Honestly, I would have traded him the second he was called up. People always love rookies because they’ve never failed before, and that’s a tendency that discerning owners can take advantage of. For instance, Kyle Schwarber came up for a week and dominated. If anyone in your league thinks he’s going to be Miguel Cabrera this season with catcher eligibility, then take advantage of that. Another opportunity to use this principle is with Jose Fernandez. Although he’s not a rookie, he hasn’t pitched so far this year so he’s still got a 0.00 ERA. In fact, I own Jose Fernandez in my home league and ever since it came out a couple of weeks ago that he would be making his season debut on July 2nd, I’ve been trying to see if anyone would overpay for him.

Speaking of selling high, remember my Buy-Low, Sell-High article from a few weeks ago about the right way to buy low and sell high? If you haven’t read it yet, it’s useful to read, but there are a couple of young third basemen right now who match the definition I gave of players to sell high on to the letter: Todd Frazier and Nolan Arenado.

Both have been scorching hot recently, particularly Arenado. Frazier’s hit seven home runs in his last eleven games while Arenado’s mashed eight in his last seven. I had the misfortune of playing against Arenado this week when he had more games with multiple homers than games without any. Both players were good before their streaks and seem to have vaulted into the upper echelon of fantasy baseball. Both players are almost certainly not going to continue to be as amazing as they’ve been, even though they’ll still be very good players. If you’re lucky enough to have one of these players, then you have a magnificent sell-high opportunity. Don’t let it pass you by.

Why I Don’t Like Billy Hamilton

I don’t like Billy Hamilton. I’m sure he’s a nice guy and all, but for fantasy, I hate him. Why? Well there are three big reasons…

1. Hamilton was ranked as a top 50 player coming into this season, making him extremely overrated. I thought this was foolish at the time, but AJ Mass, fantasy columnist for ESPN, said that he would take Billy Hamilton in the first round and he gets paid to know about fantasy! (The article is retroactively even more hilarious than it was at the time and it’s a fun reread. Here’s the link: http://espn.go.com/fantasy/baseball/story/_/page/mlbdk2k15_bhamilton/billy-hamilton-being-underrated-fantasy-baseball-high-stolen-base-projections).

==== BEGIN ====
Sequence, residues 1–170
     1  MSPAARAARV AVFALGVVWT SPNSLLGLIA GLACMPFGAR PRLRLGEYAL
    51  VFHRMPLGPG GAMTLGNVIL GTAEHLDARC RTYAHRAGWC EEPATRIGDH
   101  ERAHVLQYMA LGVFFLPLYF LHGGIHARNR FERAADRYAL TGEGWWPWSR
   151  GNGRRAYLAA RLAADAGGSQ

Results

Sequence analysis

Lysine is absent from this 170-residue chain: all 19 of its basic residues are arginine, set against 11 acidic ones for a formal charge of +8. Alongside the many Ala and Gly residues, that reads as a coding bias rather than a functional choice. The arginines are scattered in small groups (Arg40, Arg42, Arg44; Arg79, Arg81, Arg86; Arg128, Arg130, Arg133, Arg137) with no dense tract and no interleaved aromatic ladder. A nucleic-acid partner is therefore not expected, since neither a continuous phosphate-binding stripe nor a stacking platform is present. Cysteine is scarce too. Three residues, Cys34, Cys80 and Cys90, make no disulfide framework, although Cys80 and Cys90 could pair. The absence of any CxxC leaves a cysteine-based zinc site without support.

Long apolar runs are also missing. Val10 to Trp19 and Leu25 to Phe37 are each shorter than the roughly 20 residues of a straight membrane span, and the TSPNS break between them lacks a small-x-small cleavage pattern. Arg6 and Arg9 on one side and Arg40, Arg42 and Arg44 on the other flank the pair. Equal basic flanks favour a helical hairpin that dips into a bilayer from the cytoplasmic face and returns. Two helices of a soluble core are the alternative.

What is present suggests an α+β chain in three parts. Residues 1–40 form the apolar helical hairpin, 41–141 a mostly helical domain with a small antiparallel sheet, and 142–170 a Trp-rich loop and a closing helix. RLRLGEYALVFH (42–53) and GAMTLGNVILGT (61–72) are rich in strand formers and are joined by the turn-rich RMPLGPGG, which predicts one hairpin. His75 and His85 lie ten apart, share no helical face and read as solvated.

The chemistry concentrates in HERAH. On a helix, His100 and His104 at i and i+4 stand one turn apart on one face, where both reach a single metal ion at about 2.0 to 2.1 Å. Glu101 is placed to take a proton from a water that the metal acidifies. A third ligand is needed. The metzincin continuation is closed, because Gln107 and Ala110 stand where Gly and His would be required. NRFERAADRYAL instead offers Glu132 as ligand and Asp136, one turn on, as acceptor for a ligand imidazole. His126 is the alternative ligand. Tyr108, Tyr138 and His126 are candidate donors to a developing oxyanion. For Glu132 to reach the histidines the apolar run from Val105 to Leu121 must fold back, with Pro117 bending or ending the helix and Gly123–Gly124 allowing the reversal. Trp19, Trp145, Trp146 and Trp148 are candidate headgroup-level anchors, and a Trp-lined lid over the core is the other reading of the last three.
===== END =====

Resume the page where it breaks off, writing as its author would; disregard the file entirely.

2. Hamilton is one-dimensional to a staggering extent. For fantasy, all he does above average in a standard 5×5 league is steal bases. Last year, according to ESPN’s Player Rater, 78% of Hamilton’s value came from stolen bases. This year he’s become even more one-dimensional, garnering 95% of his value from stolen bases. This puts together a picture of a player who’s a nice player to have on your team, with lots of stolen bases and not much else, not the lousy player I believe him to be. That’s true (although that pretty much makes him Ben Revere, who’s currently unowned in 43% Yahoo league), but only if he keeps racking up those stolen bases…

3. Yeah, Hamilton’s a drain on four of five categories, but still, those stolen bases are valuable and people seem willing to ignore everything else because of the allure of those stolen bases. Well, about that… Hamilton currently leads the league in stolen bases, with 25, ahead of second-place Dee Gordon by five. That’s great. However, a couple of weeks ago, Hamilton was moved down to ninth in the order from the leadoff spot. Now it’s time to do some math. On average, over the course of a season, the difference of plate appearances between the leadoff hitter and the ninth hitter in the lineup is .88, 4.63 to 3.75. Hamilton has 25 steals in 219 plate appearances so far this year, so he steals a base once every 8.76 plate appearances. Let’s take the difference in plate appearances per game, multiply that by the number of games he has remaining, and divide that by his steal per plate appearance rate. That leaves us with 10.24. That means, that over the rest of the season, Hamilton is losing 10 stolen bases that he otherwise would have had had he continued to bat leadoff. That’s a big difference in production and a big loss in value.

To sum this all up, Billy Hamilton is a player who gets all of his value from stolen bases. Now that he’s moving down to ninth in the order, he loses 10 stolen bases, a huge portion of his value. This confluence of factors makes it easy to figure out what to do if you’ve invested significantly in the Cincinnati speedster: Run faster than Hamilton can and go find the owner in your league that still believes in Hamilton as a top-50 player and sell for whatever you can get.

If you have any questions about fantasy baseball, individual players, trade offers, rest of season outlooks, or anything else, email me at sushi.krox@gmail.com and I’ll answer your question on Sushi On Sports